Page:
Kerry warns Myanmar against backsliding on human rights

US secretary of state warns Myanmar that worrying signs of growing religious intolerance, other shortfalls could slow easing of sanctions

PUBLISHED : Sunday, 10 August, 2014, 6:45am
UPDATED : Monday, 11 August, 2014, 7:46pm

US Secretary of State John Kerry warned the leaders of Myanmar yesterday that improved relations with his country would require a significant speed-up in its democratic transition and a halt to what Washington sees as backsliding on commitments to improve human rights.

After hailing the decision to end decades of direct military rule that resulted in the easing of some US sanctions and a 2012 visit by President Barack Obama, Washington has become alarmed at worsening conditions in Myanmar, including anti-Muslim discrimination, violence and infringements on freedom of the press.

US officials said Kerry raised those issues in meetings with Myanmar President Thein Sein and leading lawmakers. He also urged that they proceed apace with constitutional reforms to ensure that elections set for next year are free, fair and credible.

Obama is due to return to Myanmar in November for a summit of Asian leaders, and the officials said Kerry had made clear to Thein Sein and members of parliament that the US would look favourably on tangible measures taken to address the concerns before that visit.

The officials said Obama planned to attend the East Asia Summit regardless but stressed that until improvements were seen, it was unlikely that Washington would move to ease sanctions further that were enacted over the course of 40 years of military government.

Kerry himself, in remarks to the foreign ministers of the 10 members of the Association of Southeast Asian Nations (Asean), did not raise the concerns but did say the US wanted to work with Myanmar to help it overcome difficulties in the transition.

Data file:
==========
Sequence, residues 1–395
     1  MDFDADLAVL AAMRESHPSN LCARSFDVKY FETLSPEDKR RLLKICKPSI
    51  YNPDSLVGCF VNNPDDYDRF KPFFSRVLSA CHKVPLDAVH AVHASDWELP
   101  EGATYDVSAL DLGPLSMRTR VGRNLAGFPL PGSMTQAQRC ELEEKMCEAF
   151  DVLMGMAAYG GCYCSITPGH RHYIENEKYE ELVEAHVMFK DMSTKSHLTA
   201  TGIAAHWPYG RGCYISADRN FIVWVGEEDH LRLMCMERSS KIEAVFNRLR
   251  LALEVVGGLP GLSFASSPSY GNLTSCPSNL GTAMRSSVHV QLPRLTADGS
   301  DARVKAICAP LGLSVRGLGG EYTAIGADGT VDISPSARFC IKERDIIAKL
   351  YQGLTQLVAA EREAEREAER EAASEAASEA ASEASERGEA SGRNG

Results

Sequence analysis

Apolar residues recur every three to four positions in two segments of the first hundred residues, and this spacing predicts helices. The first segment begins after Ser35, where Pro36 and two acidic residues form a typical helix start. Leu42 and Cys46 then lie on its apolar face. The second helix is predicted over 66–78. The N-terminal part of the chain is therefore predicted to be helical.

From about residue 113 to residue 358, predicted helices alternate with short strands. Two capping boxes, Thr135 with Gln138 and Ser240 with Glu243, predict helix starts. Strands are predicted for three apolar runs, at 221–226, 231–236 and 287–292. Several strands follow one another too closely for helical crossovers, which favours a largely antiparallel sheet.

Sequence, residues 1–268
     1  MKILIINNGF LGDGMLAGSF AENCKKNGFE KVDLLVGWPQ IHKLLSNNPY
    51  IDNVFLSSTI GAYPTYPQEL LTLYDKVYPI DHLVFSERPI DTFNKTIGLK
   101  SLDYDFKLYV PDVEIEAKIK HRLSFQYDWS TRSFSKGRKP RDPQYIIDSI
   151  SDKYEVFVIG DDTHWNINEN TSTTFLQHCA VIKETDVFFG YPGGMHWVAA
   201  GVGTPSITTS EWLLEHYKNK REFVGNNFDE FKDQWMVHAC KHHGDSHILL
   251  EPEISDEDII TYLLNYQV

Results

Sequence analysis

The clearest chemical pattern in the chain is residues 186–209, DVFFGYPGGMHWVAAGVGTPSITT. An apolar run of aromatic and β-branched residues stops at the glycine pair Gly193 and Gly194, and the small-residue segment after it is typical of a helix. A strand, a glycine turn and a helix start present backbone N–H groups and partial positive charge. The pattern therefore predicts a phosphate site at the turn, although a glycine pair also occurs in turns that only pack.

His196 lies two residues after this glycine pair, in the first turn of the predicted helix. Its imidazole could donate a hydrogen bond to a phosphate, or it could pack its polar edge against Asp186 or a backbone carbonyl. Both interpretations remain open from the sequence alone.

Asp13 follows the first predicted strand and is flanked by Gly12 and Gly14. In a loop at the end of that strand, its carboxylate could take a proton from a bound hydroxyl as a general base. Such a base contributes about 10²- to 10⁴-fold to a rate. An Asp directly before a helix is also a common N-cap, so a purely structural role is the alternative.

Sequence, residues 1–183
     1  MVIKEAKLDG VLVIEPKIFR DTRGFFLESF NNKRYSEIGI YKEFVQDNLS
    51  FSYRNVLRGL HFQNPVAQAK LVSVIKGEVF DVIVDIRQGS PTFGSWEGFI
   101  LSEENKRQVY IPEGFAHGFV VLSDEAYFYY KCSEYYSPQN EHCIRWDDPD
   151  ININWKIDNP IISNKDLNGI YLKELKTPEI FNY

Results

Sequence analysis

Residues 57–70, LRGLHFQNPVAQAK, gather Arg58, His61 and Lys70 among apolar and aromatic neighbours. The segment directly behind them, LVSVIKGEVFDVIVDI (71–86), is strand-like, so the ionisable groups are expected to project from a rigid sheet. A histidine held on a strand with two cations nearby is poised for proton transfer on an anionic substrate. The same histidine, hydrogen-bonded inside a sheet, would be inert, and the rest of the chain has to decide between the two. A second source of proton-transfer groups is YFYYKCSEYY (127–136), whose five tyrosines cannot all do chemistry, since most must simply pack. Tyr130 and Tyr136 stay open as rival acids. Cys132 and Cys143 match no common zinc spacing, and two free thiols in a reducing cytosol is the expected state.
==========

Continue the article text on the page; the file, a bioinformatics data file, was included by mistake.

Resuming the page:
"As Myanmar tackles the challenges ahead, I want the people of Myanmar to know that they have the support and friendship of the United States," Kerry said, noting that Obama looked forward to returning to the country.

Recently more than 70 US lawmakers called on the Obama administration to impose sanctions on Myanmar's officials and others complicit in rights abuses and atrocities. And they said they would oppose further concessions to the reformist government unless major progress were achieved.

Secular violence is perhaps worst in Rakhine state, where Buddhist mobs are accused of attacking Rohingya Muslims. This has spread to other parts of the country, sparking fears that nascent democratic reforms in the predominantly Buddhist nation of 60 million people that emerged from a half-century of dictatorship and military rule with a 2010 election could be undermined by growing religious intolerance.

In addition, US officials have accused Myanmese authorities of falling short on commitments to protect freedom of speech, including the recent sentencing of five journalists to 10 years at hard labour for a disputed story about a weapons factory.

Kerry is in Naypyidaw for the Asean Regional Forum, an annual security dialogue. He will finish at the forum today and travel to Myanmar's largest city, Yangon, for talks with opposition leader Aung San Suu Kyi before heading to Australia for strategic talks along with US Defence Secretary Chuck Hagel.


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